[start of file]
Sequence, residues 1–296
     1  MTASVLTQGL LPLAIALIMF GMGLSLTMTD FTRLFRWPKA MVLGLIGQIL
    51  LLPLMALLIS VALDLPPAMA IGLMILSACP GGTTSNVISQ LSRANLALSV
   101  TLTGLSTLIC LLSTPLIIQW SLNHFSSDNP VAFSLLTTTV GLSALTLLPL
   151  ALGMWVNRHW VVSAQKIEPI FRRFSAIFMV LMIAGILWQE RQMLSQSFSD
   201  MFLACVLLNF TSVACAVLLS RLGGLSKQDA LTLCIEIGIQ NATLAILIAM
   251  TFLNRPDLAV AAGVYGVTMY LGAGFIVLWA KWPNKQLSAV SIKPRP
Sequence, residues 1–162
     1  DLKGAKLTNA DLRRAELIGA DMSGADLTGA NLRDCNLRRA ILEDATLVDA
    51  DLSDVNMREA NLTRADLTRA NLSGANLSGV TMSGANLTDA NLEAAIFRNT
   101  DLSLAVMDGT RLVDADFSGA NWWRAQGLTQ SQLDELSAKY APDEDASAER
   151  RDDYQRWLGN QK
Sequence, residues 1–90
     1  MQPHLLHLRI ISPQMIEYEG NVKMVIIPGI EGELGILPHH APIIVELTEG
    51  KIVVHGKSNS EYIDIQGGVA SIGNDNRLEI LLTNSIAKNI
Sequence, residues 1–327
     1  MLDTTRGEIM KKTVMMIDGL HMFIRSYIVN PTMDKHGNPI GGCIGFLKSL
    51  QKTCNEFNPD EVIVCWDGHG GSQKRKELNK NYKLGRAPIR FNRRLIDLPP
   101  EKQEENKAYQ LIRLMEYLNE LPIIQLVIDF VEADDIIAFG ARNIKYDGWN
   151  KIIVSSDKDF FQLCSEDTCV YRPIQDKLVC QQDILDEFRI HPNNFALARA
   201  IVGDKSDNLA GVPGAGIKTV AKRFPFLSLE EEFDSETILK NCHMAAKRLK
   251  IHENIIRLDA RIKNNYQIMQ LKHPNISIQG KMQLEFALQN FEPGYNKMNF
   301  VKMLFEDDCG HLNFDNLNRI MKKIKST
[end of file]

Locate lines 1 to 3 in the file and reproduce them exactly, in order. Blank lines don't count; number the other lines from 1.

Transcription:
Sequence, residues 1–296
     1  MTASVLTQGL LPLAIALIMF GMGLSLTMTD FTRLFRWPKA MVLGLIGQIL
    51  LLPLMALLIS VALDLPPAMA IGLMILSACP GGTTSNVISQ LSRANLALSV